Twenty-year-Old Declan Sullivan was filming practice on the lift when it tumbled, claiming the life of the college junior from suburban Long Grove.
The report says the staff of the football team likely would not have used the lifts had they seen an updated weather forecast predicting higher winds.
The university president takes the ultimate responsibility; however, no one has been disciplined or punished.
The report comes on the heels of the Indiana Occupational Safety and Health Administration's report published a month ago. That IOSHA report placed the blame on the university. Monday's report by Notre Dame mirrored many of those same findings.
"The Sullivans entrusted Declan to our care. We failed to keep him safe," said Notre Dame University President Rev. John Jenkins.
Monday morning, Jenkins accepted, in no uncertain terms, responsibility for the October 27 accident that took 20-year-old Declan Sullivan's life. The film major was on a hydraulic lift, 35 feet in the air, shooting football practice when a 53 mph wind gust sent the lift crashing.
However, in releasing Monday's report, Jenkins also added that no one would be disciplined.
"The people involved on that day had a protocol and procedures," said Jenkins. "They followed that conscientiously. As you saw, wind was checked eight times before practice. Those protocols and procedures were not adequate."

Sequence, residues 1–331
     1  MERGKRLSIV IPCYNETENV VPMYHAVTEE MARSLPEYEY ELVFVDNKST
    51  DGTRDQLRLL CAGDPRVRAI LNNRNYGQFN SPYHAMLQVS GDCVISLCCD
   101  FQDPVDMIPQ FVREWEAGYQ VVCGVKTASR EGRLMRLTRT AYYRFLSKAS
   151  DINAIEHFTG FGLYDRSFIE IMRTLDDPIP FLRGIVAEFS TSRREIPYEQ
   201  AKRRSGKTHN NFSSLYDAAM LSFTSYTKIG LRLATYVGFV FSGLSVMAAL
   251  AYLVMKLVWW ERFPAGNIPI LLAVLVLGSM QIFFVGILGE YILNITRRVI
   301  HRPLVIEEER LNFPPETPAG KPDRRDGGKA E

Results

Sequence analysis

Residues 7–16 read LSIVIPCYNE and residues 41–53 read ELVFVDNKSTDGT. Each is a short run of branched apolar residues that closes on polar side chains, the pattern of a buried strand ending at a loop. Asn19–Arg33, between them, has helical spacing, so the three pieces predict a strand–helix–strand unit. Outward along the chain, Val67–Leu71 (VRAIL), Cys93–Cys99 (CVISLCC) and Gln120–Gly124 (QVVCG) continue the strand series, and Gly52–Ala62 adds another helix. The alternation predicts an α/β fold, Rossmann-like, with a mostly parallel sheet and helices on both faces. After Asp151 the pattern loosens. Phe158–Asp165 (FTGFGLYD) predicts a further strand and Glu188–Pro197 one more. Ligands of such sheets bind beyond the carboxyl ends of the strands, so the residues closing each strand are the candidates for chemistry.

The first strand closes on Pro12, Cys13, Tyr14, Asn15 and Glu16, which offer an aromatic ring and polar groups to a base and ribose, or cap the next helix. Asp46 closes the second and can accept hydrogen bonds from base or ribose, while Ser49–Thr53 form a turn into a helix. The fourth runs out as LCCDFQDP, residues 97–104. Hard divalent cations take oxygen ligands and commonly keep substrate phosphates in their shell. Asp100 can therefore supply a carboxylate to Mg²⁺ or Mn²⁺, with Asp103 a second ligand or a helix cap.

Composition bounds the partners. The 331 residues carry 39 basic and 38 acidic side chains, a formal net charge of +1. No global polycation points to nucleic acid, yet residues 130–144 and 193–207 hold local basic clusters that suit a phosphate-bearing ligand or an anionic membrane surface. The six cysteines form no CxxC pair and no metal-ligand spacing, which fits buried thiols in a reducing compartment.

Those protocols stated that lifts would be grounded if winds were in excess of 35 mph. The last time anyone checked the winds, at 2:46 p.m, the wind speeds were still acceptable. But that changed minutes later.
"The updated data at 2:54 indicates wind gusts above our threshold, above 35 mph," said Notre Dame Executive Vice President Dr. John Affleck-Graves. "Had our staff been aware of this data they likely would have grounded the lifts."
Add to that lack of knowledge a lift that, because of its weight distribution and height, was more susceptible to tipping; and those, says the university, were the main reasons behind the accident.
To prevent this from happening again Notre Dame says it will implement eight recommendations included in the study. Among them:
- Adoption of the international wind-speed standard of 28 mph to operate lifts.
- Access to real-time weather information during lift operation.
- -Establish a stronger culture of safety, with one person ultimately responsible for practices.
In response to Monday's report, Mike Miley, a spokesperson for Declan Sullivan's family had this to say: "The family is grateful for the detail with which the university put forth their findings...and we hope it lays the framework to make the organization safer...In the middle of all this tragedy we know Declan's death will serve to help others and to prevent this from happening again."
While the university says that lifts can be used safely and that they will continue to do so at some events, football practice is not one of them. Automated cameras will now record those practices.